Mind 108 (430):291-334 (1999)
Common sense suggests that counterfactuals are capable of truth and falsity, and that their truth values depend on more than just the actual course of events. Projectivists, like Mackie, deny the first; reductivists, like Lewis, deny the second. I criticize Mackie's and Lewis's theories, thereby defending realism. There are parallel issues and positions concerning the other concepts of the natural necessity family. A realist theory may also have a positive part, consisting of an account of some of the conceptual relations within this family. I try to cast light on the counterfactual by postulating a relation of accessibility between possible worlds - accessibility at the 'point' at which an event occurs.
|Keywords||No keywords specified (fix it)|
|Categories||categorize this paper)|
References found in this work BETA
No references found.
Citations of this work BETA
An Argument for Conjunction Conditionalization.Lee Walters & Robert Williams - 2013 - Review of Symbolic Logic 6 (4):573-588.
Dispositions, Conditionals, and Counterexamples.D. Manley & R. Wasserman - 2011 - Mind 120 (480):1191-1227.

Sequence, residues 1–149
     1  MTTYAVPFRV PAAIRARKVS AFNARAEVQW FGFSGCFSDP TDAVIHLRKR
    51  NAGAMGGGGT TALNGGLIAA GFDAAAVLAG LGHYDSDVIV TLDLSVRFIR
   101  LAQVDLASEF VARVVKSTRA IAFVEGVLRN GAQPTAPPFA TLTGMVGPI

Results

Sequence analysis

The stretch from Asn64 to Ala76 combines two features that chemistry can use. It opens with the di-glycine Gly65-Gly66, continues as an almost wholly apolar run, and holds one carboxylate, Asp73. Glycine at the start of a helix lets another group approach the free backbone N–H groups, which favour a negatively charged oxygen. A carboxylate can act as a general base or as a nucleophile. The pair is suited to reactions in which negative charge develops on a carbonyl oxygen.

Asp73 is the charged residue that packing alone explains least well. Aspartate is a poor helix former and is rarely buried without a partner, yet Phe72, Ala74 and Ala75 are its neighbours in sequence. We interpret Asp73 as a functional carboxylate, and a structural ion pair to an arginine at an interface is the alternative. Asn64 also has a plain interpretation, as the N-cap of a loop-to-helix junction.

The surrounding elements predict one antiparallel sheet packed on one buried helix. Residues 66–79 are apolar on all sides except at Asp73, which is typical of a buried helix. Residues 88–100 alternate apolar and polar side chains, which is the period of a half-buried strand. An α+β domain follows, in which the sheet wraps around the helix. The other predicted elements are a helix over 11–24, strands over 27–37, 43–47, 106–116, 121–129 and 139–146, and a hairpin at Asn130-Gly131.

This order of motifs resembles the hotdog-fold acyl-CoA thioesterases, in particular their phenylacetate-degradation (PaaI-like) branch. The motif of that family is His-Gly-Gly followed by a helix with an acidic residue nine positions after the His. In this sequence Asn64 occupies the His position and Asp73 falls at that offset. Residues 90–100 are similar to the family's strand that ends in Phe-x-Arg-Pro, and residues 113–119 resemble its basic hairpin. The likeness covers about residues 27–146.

Conditional Excluded Middle Without the Limit Assumption.Eric Swanson - 2012 - Philosophy and Phenomenological Research 85 (2):301-321.
Similar books and articles
Can Counterfactuals Really Be About Possible Worlds?Stephen Barker - 2011 - Noûs 45 (3):557-576.
A Dilemma for the Counterfactual Analysis of Causation.S. Barker - 2003 - Australasian Journal of Philosophy 81 (1):62 – 77.
Counterfactuals: Ambiguities, True Premises, and Knowledge.Igal Kvart - 1994 - Synthese 100 (1):133 - 164.
Counterfactuals, Probabilistic Counterfactuals and Causation.S. Barker - 1999 - Mind 108 (431):427-469.
Added to index2009-01-28
Total downloads203 ( #20,079 of 2,169,071 )
Recent downloads (6 months)1 ( #345,851 of 2,169,071 )
How can I increase my downloads?